Archives

Comments

  • Nikuro: Thank you for this. Some of my questions are answered. Does Detective Conan comes to an end? I don’t...
  • Eiddan: TODO UN EJEMPLO A SEGUIR! Y me gusta esa manera tan agradable, ameno y humilde como se expresa… Sí que...
  • cicero_zerochan: I think that many would be somewhat disappointed to see if the ending will not be ShinichixRan. Why?...
  • Sydney Gill: Legend of Koizumi author Hideki Ohwada (his profile can be read here ) talks about gambling manga.
  • Dr Scorpio: I dont suppose someone can name the awesome song in the video?

Contact

Moto Hagio – What is the “Year 24 Group”?

In this video we present today we have famous mangaka Moto Hagio talking about the “Year 24 Group”. What was it about and why was it called this way? If you check the entry on Wikipedia you’ll see the term doesn’t refer to a closed group of artists; it is broader than that and defines a generation of women born around 1949 (Shōwa 24, according to Japanese nomenclature) who revolutionized the world of manga for girls, –shōjo manga–, creating new stories that massively seduced both audience and critics.

Nowadays, nearly all shōjo manga are created by women, but back in the ’50s, during the first boom of the manga industry, there were almost no female mangaka. Shōjo manga was was created mainly by men. Girls of the “Year 24 Group” belong to the first generation who grew up reading manga, hence they are the first ones who really *wished* to become mangaka.

In this video we’ll hear a lot of names, most of them unknown to Westerners (some are not widely known in Japan either). Besides, a lot of them are not normally mentioned when the “Year 24 Group” topic is raised, so I decided to write down a little “guide” so you can understand what Hagio says better. Since it’s a quite short video, maybe it’s better to watch it once, then read this guide carefully and finally watch it again to assimilate everything.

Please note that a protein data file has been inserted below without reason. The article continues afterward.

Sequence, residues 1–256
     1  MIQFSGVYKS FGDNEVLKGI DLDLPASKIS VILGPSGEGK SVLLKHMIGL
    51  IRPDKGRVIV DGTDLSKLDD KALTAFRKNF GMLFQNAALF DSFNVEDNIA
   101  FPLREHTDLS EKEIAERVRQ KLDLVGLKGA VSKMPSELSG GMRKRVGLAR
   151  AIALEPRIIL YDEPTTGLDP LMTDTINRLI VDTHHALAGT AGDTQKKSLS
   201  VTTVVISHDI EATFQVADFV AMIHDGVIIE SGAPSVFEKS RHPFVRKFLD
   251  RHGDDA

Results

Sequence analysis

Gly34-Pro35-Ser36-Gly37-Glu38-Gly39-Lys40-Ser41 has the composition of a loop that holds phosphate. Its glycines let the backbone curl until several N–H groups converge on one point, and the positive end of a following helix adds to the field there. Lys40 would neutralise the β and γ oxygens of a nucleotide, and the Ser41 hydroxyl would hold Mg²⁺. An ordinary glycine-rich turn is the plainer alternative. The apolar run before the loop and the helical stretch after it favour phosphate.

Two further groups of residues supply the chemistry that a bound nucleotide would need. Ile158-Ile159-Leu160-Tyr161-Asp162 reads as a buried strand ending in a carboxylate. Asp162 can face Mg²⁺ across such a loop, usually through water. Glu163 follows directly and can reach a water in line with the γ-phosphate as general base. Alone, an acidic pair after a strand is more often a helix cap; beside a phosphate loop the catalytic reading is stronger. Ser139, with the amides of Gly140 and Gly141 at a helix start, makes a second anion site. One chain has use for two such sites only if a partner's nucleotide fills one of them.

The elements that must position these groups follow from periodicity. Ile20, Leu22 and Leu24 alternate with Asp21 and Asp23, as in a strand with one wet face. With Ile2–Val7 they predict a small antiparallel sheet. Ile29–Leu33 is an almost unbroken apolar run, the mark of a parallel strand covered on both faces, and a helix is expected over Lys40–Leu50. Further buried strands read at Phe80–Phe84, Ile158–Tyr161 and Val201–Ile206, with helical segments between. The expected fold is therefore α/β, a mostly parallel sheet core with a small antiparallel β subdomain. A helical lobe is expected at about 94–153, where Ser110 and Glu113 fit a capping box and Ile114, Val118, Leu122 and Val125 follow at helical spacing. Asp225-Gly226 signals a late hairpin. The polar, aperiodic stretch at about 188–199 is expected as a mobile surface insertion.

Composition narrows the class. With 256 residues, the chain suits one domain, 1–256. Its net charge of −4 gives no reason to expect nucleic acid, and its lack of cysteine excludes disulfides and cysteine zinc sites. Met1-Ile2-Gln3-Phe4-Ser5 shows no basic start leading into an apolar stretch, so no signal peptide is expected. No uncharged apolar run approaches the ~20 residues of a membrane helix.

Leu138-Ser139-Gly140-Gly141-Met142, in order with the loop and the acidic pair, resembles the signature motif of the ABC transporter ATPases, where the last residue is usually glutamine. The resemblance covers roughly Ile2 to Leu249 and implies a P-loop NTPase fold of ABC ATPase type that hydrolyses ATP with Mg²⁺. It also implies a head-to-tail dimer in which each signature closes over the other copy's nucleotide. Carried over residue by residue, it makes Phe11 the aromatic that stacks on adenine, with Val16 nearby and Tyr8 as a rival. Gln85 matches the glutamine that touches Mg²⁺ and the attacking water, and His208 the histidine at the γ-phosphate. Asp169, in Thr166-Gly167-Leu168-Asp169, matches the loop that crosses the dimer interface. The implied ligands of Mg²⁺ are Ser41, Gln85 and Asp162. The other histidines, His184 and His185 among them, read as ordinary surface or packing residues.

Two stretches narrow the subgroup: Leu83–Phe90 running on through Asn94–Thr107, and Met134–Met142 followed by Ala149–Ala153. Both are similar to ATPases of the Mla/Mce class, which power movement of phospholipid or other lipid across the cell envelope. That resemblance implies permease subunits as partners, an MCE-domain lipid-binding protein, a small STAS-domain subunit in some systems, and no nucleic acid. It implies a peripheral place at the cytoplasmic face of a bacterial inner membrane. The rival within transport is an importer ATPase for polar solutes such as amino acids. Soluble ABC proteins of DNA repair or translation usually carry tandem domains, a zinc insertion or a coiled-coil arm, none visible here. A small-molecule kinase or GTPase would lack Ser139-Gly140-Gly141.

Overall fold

By the way, there are some issues with sound I’d like to apologize for. I haven’t been able to remove the annoying noise coming from the AC in the background. Excuse me, I’m still amateur… ^_^

(Also on Vimeo)

Profiles of mentioned mangaka:

  • Masako Watanabe わたなべまさこ (April 14th, 1929). She made her debut in 1952 with Suama-chan –a piece of work that was published directly as a book– and started to have her works published in magazines in 1957. She was one of the first female mangaka. One of her most important works is Glass no shiro (Glass Castle), for which she received the Shōgakukan award. In the 70′s she started creating manga for adult women (ladies comics).
  • Miyako Maki 牧美也子 (July 29th, 1935). She made her debut in 1957 with Hahakoi Waltz (Mother’s love waltz) and she soon stood out as a shōjo manga artist, especially with works such as Maki no kuchibue (Maki’s whistle). In the 70′s she moved to ladies comics, becoming a pioneer of this genre, and created masterpieces such as Genji Monogatari (The story of Genji) and Seiza no Onna (Constellations’ women). She’s married to Leiji Matsumoto, and they have created several works together. Maki was also interviewed for Masters of Manga.